On Earth Peace Board Meets - Fall 2020

On Earth Peace Virtual Fall Board Meeting

Oct. 1-3, 2020

Melisa Leiter-Grandison and Irvin Heishman

Beverly Eikenberry, an OEP board member said, “I just want to express appreciation for… space that feels to me like Beloved Community. I had tears in my eyes,” following the powerful experience of closing worship led by board member Lucas Al-Zoughbi.  Board members lingered online after the conclusion of two and half days of On Earth Peace (OEP) fall board meetings, reluctant to depart from one another.  The level of trust and community that is developing among board members, its anti-racism, anti-oppression team, and staff is allowing for deep, vulnerable, safe sharing, and a growing capacity to explore hard and uncomfortable questions together. The result is an increasingly sacred experience of authentic community. The fall board meeting experience provided a taste of what On Earth Peace envisions: a world in Beloved Community liberated from oppression, violence, and war. 

On Earth Peace is gaining clarity about its mission: to develop and walk with leaders and communities who work for justice and peace.  A new initiative toward this end will support church youth groups. OEP is welcoming applications for a $500 Community Engagement Grant which includes training and support for youth who want to work for justice and peace. OEP’s internship program has grown to capacity given that it is well suited for online engagement and work.  Nineteen OEP interns work from locations across the country and internationally and are gaining experience while serving in meaningful ways.  One intern shared that this has been the most meaningful internship she has ever had.  A number of  interns joined the board meetings for a “meet and greet” and participated in a number of board discussions. Their enthusiasm and creativity contributed significantly to the discussions.  

Board co-chair Melisa Leiter-Grandison led an important conversation during this meeting focused on how the board and staff understand the five values that undergird the work of On Earth Peace, especially when those values appear to be in conflict with values of constituents in the larger church or partner organizations.  The values are: Jesus-centered spirituality, positive peace, anti-racism; anti-oppression, intergenerational leadership, and beloved community.  An experience of conflict this past year was used as a case study to help prompt deep exploration of how these values are understood and embodied.  

A second conversation led by staff focused on one of OEP’s four strategic priorities which is “through our agency responsibilities and opportunities, embolden the Church of the Brethren to become a living peace and justice denomination.”  Staff led the board in a “mock debate” in which board members, staff, and interns were randomly assigned to defend opposing strategic positions. The exercise utilized a principle of Kingian Nonviolence teaching which seeks a synthesis of truths from both sides which then reveal potential new possibilities which cannot be seen when people are entrenched in opposing “polarized camps.” The conversation following the exercise yielded insights which will be part of ongoing conversation.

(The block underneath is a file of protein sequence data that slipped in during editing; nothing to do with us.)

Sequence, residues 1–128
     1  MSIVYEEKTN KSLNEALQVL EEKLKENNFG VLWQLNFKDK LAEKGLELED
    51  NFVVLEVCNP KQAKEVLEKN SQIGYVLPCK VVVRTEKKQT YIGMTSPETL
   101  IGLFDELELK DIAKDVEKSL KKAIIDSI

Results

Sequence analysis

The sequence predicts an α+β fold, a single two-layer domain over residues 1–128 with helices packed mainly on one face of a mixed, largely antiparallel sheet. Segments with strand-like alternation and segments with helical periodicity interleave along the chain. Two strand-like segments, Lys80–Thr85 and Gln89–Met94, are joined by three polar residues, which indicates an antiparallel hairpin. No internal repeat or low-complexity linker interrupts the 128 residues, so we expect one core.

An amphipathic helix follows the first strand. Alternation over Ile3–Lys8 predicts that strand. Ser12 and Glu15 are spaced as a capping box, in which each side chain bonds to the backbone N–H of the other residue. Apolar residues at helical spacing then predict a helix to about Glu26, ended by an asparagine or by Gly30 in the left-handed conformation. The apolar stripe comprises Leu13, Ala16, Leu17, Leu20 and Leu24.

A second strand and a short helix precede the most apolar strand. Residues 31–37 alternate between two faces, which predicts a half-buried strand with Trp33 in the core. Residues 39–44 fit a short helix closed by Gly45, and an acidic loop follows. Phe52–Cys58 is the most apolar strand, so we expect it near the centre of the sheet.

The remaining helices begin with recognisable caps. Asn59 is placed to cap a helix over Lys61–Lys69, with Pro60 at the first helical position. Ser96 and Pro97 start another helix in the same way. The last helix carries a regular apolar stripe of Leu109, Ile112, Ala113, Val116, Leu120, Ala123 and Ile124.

In other business, the board made several decisions related to leadership calling and practice. Racial caucusing was utilized to explore how racism limits imagination and distorts expectations when it comes to calling and exercising leadership. A number of important insights were gained which will be incorporated into ongoing planning..  Melisa Leiter-Grandison and Irvin Heishman were then affirmed for another two-year term as co-chairs of the board.  A policy regarding communication with co-chairs was established to interrupt the pattern of contacting one (usually the white, male co-chair) and excluding the other (usually the female, bipoc co-chair).  A second policy approved extends the practice of having power and process observers at board meetings to all leadership and committee meetings.  On Earth Peace board and staff are committed to participating in a two and a half day anti-racism/anti-oppression training once every five years.  A committee was appointed to plan for this training delayed by the pandemic.  

Budget reports were presented showing stable income and reduced expenses for the current fiscal year.  This is positive news in these uncertain times. The board approved a budget of $462,541 for 2021 and affirmed entering into conversation over the coming year about ways of structuring a more sustainable budget, one which relies less heavily on endowment income.  The executive committee reported that it had completed a review process with the OEP executive director, Bill Scheurer. David Shetler reported as liaison for the Council of District Executives and led the group in worship.

Meetings each day began with worship which involved sharing of personal life stories and passion for justice and peace.  A quote from Bayard Rustin was shared which spoke to the hunger and thirst for righteousness that Jesus spoke of, “let us be enraged about injustice but let us not be destroyed by it.”   Worship music at times brought laughter and at times tears as the board worked together to support leaders and communities who work for justice and peace. 


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